Board approves preliminary plan for Trails at Creekview, Town Park development
At the regular meeting of the Berthoud Board of Trustees on Tuesday night, the board listened to feedback from citizens regarding the Newell property on the east side of town, was presented with the preliminary development plans for the proposed 481 home development named Trails at Creekview and saw updated design plans for the redevelopment of Town Park.
Residents appeared in numbers to address the board early in the meeting regarding designating the Newell Farm area on the eastern side of town along Mountain Ave. as a protected space that will remain farmland, or such thereof, for use for concerts, open space and the like.
Surveyor contributor Mark French spoke of the Newell family as “pillars of the community,” and called the request a “unique and rare opportunity.” French’s comments were echoed by others who spoke, as well as those who wrote letters of support to the board. Promises were made that the land would remain open space for public use, “would not be sold to commercial” developers and would remain part of the heritage of the town. The board was complimentary and supportive of the proposal but official action was not taken.
The board later heard details regarding the proposal by the TB Group for the development of what is called the Trails at Creekview neighborhood, located on Berthoud Parkway south of the Rose Farm and Hillsdale developments, that calls for 481 single family homes on just over 141 acres.
The development conforms to the requests laid out in the development code and town master and strategic plans regarding trail connections, parks and open space and other matters. Despite the plans submitted by the developer, there were quibbles from trustees regarding some details of the plan.
The developers remained adamant that the proposed development plans met all requirements, and then some, from design standards, trail connections and necessary infrastructure and in requiring only single-story homes. Mayor Will Karspeck opined that such inquires assure public feedback is heard. After much discussion, the preliminary plat was approved with a unanimous vote followed by a five-minute board recess.
The board then heard a presentation from Deputy Town Administrator Jeremy Olinger regarding the proposal for the Town Park redevelopment. Olinger presented plans by the OLC consulting team contracted by the town who reported, in information presented in the trustee’s packet, OLC has met with members of the Berthoud Historical Society (BHS), (Parks, Open Space, Recreation and Trails) PORT committee, as well as staff to come up with the most current design concept for the park attached. BHS members spoke to the history of the park and provided valuable background to start the creative design process. PORT members were very supportive of the plan overall.”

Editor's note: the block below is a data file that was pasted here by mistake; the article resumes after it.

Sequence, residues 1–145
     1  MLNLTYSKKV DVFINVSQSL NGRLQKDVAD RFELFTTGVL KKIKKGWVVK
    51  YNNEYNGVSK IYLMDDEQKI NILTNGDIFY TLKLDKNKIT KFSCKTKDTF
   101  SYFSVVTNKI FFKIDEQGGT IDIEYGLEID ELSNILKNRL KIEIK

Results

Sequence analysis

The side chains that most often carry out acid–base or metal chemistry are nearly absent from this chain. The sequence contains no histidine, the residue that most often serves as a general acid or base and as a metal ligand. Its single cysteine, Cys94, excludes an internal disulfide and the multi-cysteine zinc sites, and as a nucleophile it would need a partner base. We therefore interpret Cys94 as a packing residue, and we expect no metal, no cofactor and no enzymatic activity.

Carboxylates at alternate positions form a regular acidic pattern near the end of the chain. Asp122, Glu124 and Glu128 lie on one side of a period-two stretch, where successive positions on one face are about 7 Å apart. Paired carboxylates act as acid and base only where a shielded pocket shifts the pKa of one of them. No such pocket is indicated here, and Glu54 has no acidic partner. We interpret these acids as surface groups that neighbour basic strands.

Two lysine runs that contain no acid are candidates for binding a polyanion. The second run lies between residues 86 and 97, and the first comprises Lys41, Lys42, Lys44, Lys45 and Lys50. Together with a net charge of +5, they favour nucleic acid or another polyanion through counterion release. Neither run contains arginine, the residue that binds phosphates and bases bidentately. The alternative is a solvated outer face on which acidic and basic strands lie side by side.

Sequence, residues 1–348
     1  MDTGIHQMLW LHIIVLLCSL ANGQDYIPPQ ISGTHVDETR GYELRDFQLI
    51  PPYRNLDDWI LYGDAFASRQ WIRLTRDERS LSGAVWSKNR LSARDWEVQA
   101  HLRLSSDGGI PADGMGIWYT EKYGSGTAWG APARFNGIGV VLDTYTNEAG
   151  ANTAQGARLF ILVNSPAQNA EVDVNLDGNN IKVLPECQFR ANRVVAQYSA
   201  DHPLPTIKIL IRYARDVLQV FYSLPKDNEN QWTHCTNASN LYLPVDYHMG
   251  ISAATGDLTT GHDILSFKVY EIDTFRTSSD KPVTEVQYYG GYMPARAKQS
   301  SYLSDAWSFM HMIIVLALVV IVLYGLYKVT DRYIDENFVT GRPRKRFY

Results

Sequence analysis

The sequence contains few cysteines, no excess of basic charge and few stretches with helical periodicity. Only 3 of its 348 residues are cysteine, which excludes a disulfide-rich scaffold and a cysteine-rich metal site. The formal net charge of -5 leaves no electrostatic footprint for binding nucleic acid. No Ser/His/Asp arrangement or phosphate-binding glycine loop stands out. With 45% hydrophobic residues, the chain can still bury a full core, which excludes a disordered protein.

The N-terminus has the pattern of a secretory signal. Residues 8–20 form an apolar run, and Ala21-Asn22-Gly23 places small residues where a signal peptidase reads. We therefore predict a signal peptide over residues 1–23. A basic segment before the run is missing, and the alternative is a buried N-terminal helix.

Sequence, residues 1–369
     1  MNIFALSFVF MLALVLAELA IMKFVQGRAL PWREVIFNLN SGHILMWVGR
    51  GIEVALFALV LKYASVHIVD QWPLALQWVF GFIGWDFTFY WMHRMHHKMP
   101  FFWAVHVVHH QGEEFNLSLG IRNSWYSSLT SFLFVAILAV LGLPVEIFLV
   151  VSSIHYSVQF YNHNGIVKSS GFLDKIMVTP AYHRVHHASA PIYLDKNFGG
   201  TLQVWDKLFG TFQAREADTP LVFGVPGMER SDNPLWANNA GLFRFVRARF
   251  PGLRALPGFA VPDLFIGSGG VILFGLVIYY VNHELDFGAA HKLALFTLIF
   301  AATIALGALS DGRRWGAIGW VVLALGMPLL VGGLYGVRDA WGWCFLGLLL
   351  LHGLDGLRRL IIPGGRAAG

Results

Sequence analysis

The proposed concept differs from the one proposed in the 2018 initial concept. While the design differs, the proposed plan presented on Tuesday stays true to the proposal that the park remain a central gathering place suitable for many town functions as well as daily outdoor activities.
The proposal, depicted in the included rendering, will, “leave as many healthy trees as we can,” according to Olinger and will create activity areas, more passive activities in the east (such as open lawns, food truck locations, covered picnic areas, a fire pit, garden space and a stage are suitable for concerts) to more active activities in the west, including tennis, basketball and, potentially, pickleball court space. The western portion will also use the existing swimming pool underground infrastructure to create an outdoor water feature with a treehouse and nature theme with adjacent adventure playground amenity included.
Some residents addressed the board to express concerns with some the design concepts. One resident addressed the issue of pickleball and basketball courts potentially being included in the park, citing noise the games create from “sunup to sundown, all day, every day,” which Olinger, prior to public comment, acknowledged may not be ideal due to said concerns from those living near the park. The trustees were largely supportive of removing said amenities from the design concept.
Trustee May Soricelli, while exceedingly complimentary of the proposed design plans, suggested the town solicit formal feedback from residents given the historic nature of the location and its generations-long impact on the downtown character of the town. “I think if we put this back to the community, more than just a posted meeting … have a forum or online survey … so they have buy-in, I want us to move forward together,” she said. Trustees Mike Grace, Tim Hardy, Maureen Dower and Mayor Karspeck argued against soliciting further public feedback, citing prior surveys conducted as well as the approval of the PORT committee. The board voted unanimously to approve the design concepts absent the pickleball courts on the western end of the property.
The next regular meeting of the Berthoud Board of Trustees will take place on Jan. 25.
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